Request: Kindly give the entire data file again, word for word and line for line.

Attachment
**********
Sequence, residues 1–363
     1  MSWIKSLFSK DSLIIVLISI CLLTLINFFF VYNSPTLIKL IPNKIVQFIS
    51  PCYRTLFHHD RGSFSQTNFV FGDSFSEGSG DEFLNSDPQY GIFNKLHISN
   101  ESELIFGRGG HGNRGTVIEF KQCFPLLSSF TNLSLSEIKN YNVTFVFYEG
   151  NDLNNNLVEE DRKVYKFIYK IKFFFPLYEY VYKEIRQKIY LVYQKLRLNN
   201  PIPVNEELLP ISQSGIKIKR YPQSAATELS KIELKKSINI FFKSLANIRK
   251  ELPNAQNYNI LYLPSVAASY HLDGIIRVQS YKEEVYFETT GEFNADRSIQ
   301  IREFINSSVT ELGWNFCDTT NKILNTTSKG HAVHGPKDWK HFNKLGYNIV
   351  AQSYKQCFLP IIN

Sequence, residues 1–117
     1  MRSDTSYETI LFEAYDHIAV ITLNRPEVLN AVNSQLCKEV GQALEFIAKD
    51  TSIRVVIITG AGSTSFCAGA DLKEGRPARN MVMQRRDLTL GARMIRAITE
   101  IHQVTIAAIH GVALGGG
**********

Sequence, residues 1–363
     1  MSWIKSLFSK DSLIIVLISI CLLTLINFFF VYNSPTLIKL IPNKIVQFIS
    51  PCYRTLFHHD RGSFSQTNFV FGDSFSEGSG DEFLNSDPQY GIFNKLHISN
   101  ESELIFGRGG HGNRGTVIEF KQCFPLLSSF TNLSLSEIKN YNVTFVFYEG
   151  NDLNNNLVEE DRKVYKFIYK IKFFFPLYEY VYKEIRQKIY LVYQKLRLNN
   201  PIPVNEELLP ISQSGIKIKR YPQSAATELS KIELKKSINI FFKSLANIRK
   251  ELPNAQNYNI LYLPSVAASY HLDGIIRVQS YKEEVYFETT GEFNADRSIQ
   301  IREFINSSVT ELGWNFCDTT NKILNTTSKG HAVHGPKDWK HFNKLGYNIV
   351  AQSYKQCFLP IIN

Sequence, residues 1–117
     1  MRSDTSYETI LFEAYDHIAV ITLNRPEVLN AVNSQLCKEV GQALEFIAKD
    51  TSIRVVIITG AGSTSFCAGA DLKEGRPARN MVMQRRDLTL GARMIRAITE
   101  IHQVTIAAIH GVALGGG